Clark, who uses public transportation to get to places, joined Toastmasters in 2002 at the advice of a friend who felt he would benefit from the experience, since Clark was increasingly called on to speak for the Hall of Fame. A member of the Greater Columbus Toastmasters in Columbus, Ohio, Clark says Toastmasters has made him a better speaker and also helped with his speech impediment. “In the past, people made fun of me because I have difficulty speaking, but no one in Toastmasters has ever done that,” he notes. “As a result, I was able to improve.”

Rick Driscoll, a fellow member of the Greater Columbus club, says, “Despite the fact that it’s 10 times harder for him to talk than it would be for you or me, John has grown quite adept at speaking in public and getting his point across.”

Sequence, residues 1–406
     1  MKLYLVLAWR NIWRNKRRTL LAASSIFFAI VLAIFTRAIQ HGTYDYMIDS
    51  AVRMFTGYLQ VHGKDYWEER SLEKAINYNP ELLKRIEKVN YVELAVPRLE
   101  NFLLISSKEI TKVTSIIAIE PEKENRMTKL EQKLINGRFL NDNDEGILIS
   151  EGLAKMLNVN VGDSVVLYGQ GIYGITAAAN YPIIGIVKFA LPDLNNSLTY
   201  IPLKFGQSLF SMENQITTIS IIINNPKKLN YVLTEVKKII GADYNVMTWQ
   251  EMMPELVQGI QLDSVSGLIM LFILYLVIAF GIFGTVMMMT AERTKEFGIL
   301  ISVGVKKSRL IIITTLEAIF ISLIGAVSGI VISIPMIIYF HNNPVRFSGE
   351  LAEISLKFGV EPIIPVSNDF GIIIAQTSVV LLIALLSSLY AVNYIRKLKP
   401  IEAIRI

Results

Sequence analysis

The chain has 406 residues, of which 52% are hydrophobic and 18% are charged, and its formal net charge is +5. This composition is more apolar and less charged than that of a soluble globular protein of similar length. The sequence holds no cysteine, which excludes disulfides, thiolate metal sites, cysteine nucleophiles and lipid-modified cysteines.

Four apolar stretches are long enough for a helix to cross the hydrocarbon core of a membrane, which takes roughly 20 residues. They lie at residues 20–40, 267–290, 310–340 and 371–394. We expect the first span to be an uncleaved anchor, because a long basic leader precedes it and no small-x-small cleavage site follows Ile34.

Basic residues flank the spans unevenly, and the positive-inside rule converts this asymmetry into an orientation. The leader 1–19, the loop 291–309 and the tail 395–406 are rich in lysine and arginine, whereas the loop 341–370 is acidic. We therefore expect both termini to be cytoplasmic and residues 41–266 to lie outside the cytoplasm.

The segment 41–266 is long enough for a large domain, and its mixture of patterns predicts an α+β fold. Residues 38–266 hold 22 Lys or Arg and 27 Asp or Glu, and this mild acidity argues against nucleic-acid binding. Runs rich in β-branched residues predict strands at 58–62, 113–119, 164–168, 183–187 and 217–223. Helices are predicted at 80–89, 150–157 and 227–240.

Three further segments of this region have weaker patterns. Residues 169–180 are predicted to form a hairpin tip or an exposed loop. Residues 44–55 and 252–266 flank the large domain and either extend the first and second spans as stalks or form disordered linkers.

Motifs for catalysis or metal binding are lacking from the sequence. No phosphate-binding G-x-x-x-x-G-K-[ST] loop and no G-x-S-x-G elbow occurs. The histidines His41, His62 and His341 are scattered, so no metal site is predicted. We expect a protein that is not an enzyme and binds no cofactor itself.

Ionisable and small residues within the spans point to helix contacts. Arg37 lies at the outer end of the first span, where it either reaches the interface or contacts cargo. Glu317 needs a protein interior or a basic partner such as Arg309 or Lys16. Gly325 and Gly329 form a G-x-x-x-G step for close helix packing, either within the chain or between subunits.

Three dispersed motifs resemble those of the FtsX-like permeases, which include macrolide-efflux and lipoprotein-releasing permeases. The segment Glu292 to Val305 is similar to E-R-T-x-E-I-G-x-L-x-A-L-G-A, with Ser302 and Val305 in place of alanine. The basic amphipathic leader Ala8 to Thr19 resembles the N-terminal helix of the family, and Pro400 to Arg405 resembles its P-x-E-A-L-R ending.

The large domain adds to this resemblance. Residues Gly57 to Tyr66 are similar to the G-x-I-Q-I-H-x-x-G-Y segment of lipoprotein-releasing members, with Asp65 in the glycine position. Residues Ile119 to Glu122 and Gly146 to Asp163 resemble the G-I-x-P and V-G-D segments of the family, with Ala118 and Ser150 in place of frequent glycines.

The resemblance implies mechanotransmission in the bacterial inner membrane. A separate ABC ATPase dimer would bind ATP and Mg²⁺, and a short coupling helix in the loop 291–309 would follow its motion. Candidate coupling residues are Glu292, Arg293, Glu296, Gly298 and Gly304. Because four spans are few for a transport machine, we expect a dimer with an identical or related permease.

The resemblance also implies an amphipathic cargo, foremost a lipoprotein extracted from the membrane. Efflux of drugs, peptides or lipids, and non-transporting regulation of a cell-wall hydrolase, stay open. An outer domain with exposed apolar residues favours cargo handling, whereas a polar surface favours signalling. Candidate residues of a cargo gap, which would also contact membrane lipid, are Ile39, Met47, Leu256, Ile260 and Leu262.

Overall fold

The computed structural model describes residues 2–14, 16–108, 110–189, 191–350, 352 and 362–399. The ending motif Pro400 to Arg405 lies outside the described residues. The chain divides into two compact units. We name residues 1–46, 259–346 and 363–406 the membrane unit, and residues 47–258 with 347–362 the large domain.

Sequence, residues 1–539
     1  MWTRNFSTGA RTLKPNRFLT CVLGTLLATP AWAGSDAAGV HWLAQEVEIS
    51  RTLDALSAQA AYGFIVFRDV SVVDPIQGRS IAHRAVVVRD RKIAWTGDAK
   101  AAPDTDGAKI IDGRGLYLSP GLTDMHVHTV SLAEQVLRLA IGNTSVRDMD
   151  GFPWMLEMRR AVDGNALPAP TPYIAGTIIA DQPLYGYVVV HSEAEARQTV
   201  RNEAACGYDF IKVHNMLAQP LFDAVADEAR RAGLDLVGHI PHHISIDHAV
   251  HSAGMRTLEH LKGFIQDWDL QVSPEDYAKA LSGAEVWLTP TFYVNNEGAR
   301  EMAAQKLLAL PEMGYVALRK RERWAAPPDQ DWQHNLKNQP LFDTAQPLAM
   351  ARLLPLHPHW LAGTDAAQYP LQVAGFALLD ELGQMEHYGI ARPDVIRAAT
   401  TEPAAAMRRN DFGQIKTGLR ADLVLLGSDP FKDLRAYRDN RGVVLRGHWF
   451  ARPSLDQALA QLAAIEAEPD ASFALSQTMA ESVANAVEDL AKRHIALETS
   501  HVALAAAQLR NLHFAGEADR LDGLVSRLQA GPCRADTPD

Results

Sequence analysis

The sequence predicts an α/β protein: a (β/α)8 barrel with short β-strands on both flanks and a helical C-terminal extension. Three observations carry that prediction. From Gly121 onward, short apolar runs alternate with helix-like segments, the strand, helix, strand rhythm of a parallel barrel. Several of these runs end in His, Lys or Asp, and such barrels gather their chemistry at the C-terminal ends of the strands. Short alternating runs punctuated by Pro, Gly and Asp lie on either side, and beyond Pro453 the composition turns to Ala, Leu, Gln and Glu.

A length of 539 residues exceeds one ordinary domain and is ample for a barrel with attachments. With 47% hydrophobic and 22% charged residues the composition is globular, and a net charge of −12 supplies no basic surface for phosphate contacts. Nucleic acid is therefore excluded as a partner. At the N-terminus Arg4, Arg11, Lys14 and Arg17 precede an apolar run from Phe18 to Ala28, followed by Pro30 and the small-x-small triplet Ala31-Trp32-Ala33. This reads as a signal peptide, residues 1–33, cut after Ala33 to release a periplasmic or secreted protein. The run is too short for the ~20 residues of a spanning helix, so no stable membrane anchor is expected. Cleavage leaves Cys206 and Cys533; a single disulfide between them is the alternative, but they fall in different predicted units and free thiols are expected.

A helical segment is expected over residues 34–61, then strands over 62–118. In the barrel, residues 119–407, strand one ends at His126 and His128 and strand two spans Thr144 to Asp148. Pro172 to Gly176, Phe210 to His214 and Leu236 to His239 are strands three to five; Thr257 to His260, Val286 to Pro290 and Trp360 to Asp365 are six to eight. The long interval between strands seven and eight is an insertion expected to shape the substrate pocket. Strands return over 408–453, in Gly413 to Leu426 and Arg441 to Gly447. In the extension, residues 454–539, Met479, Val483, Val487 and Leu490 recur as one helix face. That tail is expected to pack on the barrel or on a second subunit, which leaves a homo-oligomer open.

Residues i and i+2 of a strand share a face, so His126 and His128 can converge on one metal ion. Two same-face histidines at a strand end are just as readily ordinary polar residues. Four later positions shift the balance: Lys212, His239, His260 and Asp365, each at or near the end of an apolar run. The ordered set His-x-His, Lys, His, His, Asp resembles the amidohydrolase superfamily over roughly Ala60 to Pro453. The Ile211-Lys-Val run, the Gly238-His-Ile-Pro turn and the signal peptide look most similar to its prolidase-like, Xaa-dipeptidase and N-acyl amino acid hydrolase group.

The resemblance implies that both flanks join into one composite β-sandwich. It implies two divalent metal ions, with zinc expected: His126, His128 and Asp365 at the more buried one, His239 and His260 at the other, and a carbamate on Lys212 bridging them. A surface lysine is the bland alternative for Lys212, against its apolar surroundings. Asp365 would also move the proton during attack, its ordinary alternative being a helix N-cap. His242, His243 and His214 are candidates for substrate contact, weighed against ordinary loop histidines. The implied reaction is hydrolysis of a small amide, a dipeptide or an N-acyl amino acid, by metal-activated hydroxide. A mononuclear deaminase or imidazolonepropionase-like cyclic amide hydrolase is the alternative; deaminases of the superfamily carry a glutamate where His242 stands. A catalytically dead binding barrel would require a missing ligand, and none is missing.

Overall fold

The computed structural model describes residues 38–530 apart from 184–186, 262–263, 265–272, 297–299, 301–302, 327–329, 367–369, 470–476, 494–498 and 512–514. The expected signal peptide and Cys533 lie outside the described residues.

Those who have been honored by the National Hall of Fame for Persons with Disabilities include Helen Keller and U.S. President Franklin D. Roosevelt, who both were recognized posthumously. In 2004, the Hall honored Susan Dickinson, who is hard of hearing and chairs the Colorado Commission for the Deaf and Hard of Hearing. At the 2000 induction ceremony, Clark himself was surprised when the group honored him for his efforts and accomplishments.

As the longtime CEO of the organization, Clark worked tirelessly to bring about recognition for the disabled and their accomplishments. In October 1985, at the Hall’s third induction ceremony, he started a tradition of presenting each inductee with a letter of congratulations from the current president of the United States. In a letter dated October 22, 1985, President Ronald Reagan honored the inductees and Clark when he wrote, “I congratulate the Hall’s founder, John Clark Jr., and those who work with him to search out disabled persons whose achievements will be an inspiration to others like them, and indeed to all Americans.”


Serving up business savvy
While building up the Hall, Clark also earned a college degree in business management with a Social Services minor. Those who have worked with him praise his business acumen.